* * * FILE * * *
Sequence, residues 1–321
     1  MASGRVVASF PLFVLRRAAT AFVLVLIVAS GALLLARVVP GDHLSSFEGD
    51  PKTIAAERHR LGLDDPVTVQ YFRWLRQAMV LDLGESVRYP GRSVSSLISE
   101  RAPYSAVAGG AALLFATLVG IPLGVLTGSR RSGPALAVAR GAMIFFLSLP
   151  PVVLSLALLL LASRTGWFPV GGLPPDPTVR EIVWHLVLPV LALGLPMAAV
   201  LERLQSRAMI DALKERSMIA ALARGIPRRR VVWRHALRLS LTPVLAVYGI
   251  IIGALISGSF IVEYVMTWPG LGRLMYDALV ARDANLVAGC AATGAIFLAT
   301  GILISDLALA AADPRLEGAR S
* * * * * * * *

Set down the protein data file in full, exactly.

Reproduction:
Sequence, residues 1–321
     1  MASGRVVASF PLFVLRRAAT AFVLVLIVAS GALLLARVVP GDHLSSFEGD
    51  PKTIAAERHR LGLDDPVTVQ YFRWLRQAMV LDLGESVRYP GRSVSSLISE
   101  RAPYSAVAGG AALLFATLVG IPLGVLTGSR RSGPALAVAR GAMIFFLSLP
   151  PVVLSLALLL LASRTGWFPV GGLPPDPTVR EIVWHLVLPV LALGLPMAAV
   201  LERLQSRAMI DALKERSMIA ALARGIPRRR VVWRHALRLS LTPVLAVYGI
   251  IIGALISGSF IVEYVMTWPG LGRLMYDALV ARDANLVAGC AATGAIFLAT
   301  GILISDLALA AADPRLEGAR S